Matter of Jamison v Goord
2004 NY Slip Op 05312 [8 AD3d 860]
June 17, 2004
Appellate Division, Third Department
Published by New York State Law Reporting Bureau pursuant to Judiciary Law § 431.
As corrected through Wednesday, August 25, 2004
Matter of Adam Jamison v Glenn S. Goord
In the Matter of Adam Jamison, Petitioner, v Glenn S. Goord, as Commissioner of Correctional Services, Respondent.
Proceeding pursuant to CPLR article 78 (transferred to this Court by order of the Supreme Court, entered in Albany County) to review a determination of respondent which found petitioner guilty of violating certain prison disciplinary rules.
Petitioner challenges a determination finding him guilty of violating the prison disciplinary rules that prohibit disobeying a direct order, harassment, creating a disturbance and making threats.[FN*] According to the misbehavior report, petitioner returned from the commissary and ignored a correction officer's request to produce his commissary receipt. In the presence of other inmates, petitioner began yelling and threatening the correction officer until a sergeant arrived in response to the correction officer's request for assistance. The misbehavior report and testimony at the hearing provide substantial evidence to support the determination of guilt (see Matter of Pryce v Goord, 281 AD2d 665 ). Petitioner's defense of harassment and retaliation on the part of the correction officer created a credibility issue for the Hearing Officer to resolve (see id.).
Turning to petitioner's procedural claims, we are unpersuaded by the contention that he was denied the right to call various witnesses. The record establishes that the testimony sought [*2]from Captain Richards was irrelevant to the charges contained in the misbehavior report. With respect to petitioner's request for an inmate witness, the Hearing Officer personally spoke with and ascertained the reasons for the inmate's refusal to testify (see Matter of Beckford v Coughlin, 210 AD2d 775 , lv denied 85 NY2d 807 ) and, absent any prejudice to petitioner, "the failure to provide petitioner with a written refusal form is harmless error" (Matter of Shannon v Goord, 282 AD2d 909, 910 ). Petitioner's remaining contentions, including his claim of hearing officer bias, have been reviewed and found to be without merit.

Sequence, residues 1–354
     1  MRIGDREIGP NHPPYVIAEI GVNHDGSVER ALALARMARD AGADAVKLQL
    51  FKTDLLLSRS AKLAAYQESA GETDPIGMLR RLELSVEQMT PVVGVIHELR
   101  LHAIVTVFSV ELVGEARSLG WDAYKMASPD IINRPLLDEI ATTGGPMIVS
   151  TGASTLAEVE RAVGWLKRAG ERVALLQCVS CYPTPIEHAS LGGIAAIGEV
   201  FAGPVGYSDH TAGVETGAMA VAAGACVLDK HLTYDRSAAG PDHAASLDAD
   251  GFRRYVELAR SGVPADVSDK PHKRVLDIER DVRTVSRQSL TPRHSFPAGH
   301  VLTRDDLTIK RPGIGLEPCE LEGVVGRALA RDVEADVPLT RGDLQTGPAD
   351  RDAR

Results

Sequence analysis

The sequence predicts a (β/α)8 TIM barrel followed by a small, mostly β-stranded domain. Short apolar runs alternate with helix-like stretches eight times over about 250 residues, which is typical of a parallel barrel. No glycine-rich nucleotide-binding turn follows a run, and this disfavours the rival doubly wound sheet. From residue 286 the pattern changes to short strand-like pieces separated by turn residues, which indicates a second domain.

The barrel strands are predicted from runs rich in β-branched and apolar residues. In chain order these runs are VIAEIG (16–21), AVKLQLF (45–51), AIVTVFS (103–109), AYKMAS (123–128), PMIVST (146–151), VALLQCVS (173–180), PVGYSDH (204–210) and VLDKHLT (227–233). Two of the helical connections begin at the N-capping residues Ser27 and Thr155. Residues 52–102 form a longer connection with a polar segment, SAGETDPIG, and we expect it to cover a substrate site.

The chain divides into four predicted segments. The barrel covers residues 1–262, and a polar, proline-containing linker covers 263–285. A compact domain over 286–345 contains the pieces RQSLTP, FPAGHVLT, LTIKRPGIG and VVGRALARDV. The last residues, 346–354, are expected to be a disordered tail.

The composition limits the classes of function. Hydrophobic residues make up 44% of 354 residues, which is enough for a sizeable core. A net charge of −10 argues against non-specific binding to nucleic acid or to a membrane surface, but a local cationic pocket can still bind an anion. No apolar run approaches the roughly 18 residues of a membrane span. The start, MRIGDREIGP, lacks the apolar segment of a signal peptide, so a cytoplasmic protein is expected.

Crew III, J.P., Peters, Carpinello, Mugglin and Lahtinen, JJ., concur. Adjudged that the determination is confirmed, without costs, and petition dismissed.
Footnote *: Petitioner also was charged with, but found not guilty of, making a false statement.